By Steven Tavares

City officials in Fremont moved quickly to secure millions by issuing tax-exempt bonds last month for a menu of public improvement projects in the days after Gov. Jerry Brown’s controversial proposal to end redevelopment agencies across the state, but when it comes to affordable housing, the city said Tuesday it will “pause” before doing the same for affordable housing.

While the city council agreed the assessment of the city’s finance director and head of the redevelopment agency to take a step back before issuing taxable allocation bonds to continue development of affordable housing, they urged for a quick turnaround.

“I think we need to keep the pause really short and come back and see what our options are,” said Councilwoman Anu Natarajan. Councilman Bill Harrison and Dominic Dutra both agreed with the sentiment as did Mayor Bob Wasserman.

Harriet Commons, the city’s finance director, said a huge influx of bonds have flooded the market pushing up interest rates thereby making the issuance of bonds by the city to be too costly, calling it “expensive money.” A dearth of affordable housing proposal ready to begin even the permit process, said Commons, also poses a problem for moving forward. Dutra, whose professional background is real estate, said the city needs to put a call out for affordable housing projects, although he noted money for projects has “almost dried up.”

The governor’s Jan. 10 budget proposal has caused tremendously uncertainty in every city in the state because of its abruptness and lack of specific. The plan calls for redevelopment agencies to be shuttered this year and their remaining debts to be paid off in the next year. According to Commons, there is now a belief in Sacramento the governor will ease back on that threat. “It does not seem disestablishment is quite as imminent as it appeared back in the time of the governor’s proposal,” said Commons.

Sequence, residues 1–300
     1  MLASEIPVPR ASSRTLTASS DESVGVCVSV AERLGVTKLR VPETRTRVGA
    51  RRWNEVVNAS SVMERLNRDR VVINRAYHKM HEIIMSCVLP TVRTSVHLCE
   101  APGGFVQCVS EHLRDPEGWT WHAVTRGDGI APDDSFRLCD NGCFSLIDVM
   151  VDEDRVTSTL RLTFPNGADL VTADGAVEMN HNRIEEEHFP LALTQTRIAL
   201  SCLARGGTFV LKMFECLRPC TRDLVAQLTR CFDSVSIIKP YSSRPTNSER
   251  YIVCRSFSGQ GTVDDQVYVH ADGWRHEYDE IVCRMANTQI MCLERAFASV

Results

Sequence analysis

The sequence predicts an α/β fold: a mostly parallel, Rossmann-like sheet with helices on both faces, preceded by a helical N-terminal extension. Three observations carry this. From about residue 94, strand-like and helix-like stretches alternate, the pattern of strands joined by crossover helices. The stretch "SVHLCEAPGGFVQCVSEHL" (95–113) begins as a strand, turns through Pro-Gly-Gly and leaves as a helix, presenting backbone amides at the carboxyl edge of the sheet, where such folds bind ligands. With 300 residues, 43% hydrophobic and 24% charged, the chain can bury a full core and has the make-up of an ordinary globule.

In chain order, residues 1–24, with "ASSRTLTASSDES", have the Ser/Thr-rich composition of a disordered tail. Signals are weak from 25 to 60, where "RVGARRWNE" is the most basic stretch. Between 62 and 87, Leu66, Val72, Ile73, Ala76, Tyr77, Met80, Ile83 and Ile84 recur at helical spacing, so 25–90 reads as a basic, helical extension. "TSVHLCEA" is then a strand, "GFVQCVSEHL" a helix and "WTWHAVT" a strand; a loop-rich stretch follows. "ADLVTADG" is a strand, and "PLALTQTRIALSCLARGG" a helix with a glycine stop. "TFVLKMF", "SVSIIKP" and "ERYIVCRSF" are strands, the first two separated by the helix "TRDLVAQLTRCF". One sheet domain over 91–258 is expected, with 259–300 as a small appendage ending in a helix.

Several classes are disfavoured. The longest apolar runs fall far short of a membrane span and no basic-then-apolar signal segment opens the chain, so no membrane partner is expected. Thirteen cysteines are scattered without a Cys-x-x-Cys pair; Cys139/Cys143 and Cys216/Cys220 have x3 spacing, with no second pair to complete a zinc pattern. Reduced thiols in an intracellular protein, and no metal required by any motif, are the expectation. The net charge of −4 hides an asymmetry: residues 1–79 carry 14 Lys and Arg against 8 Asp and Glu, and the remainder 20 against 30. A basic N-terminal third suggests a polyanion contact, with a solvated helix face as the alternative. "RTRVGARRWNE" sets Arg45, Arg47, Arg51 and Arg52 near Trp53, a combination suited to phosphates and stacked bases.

Nevertheless, Wasserman urged the city to proceed cautiously to avoid falling into legal uncertainty due to its recent actions. “Taking a risk is a great thing and I love to do that,” he said, “but in this circumstance we’ve never been in before, we have to be careful we don’t over-shoot anything.”

The mayor also took a broadside to what he called “deplorable” actions by the governor for ignoring the recently approved Proposition 22, which forbids the taking of tax revenue from local governments by the Legislature for the expressed use of balancing the state’s chronic budget difficulties. “It doesn’t sit well with me,” said Wasserman. “The notion that we would be willing to give away the only battle we’ve ever won in the last 10 years is not the way to do it.”

The council plans to revisit the affordable housing component of redevelopment during their next meeting, Feb. 22.

NOTES: Councilman Dominic Dutra will not vote on any matter on redevelopment next week, if there is one. He’s going on a “pre-planned” vacation…Fremont’s credit rating was recently boosted to “A+” by Standard and Poor…It may not be significant, but interesting: the main underwriter of Fremont’s $140 million tax allocation bonds approved last month is Goldman Sachs.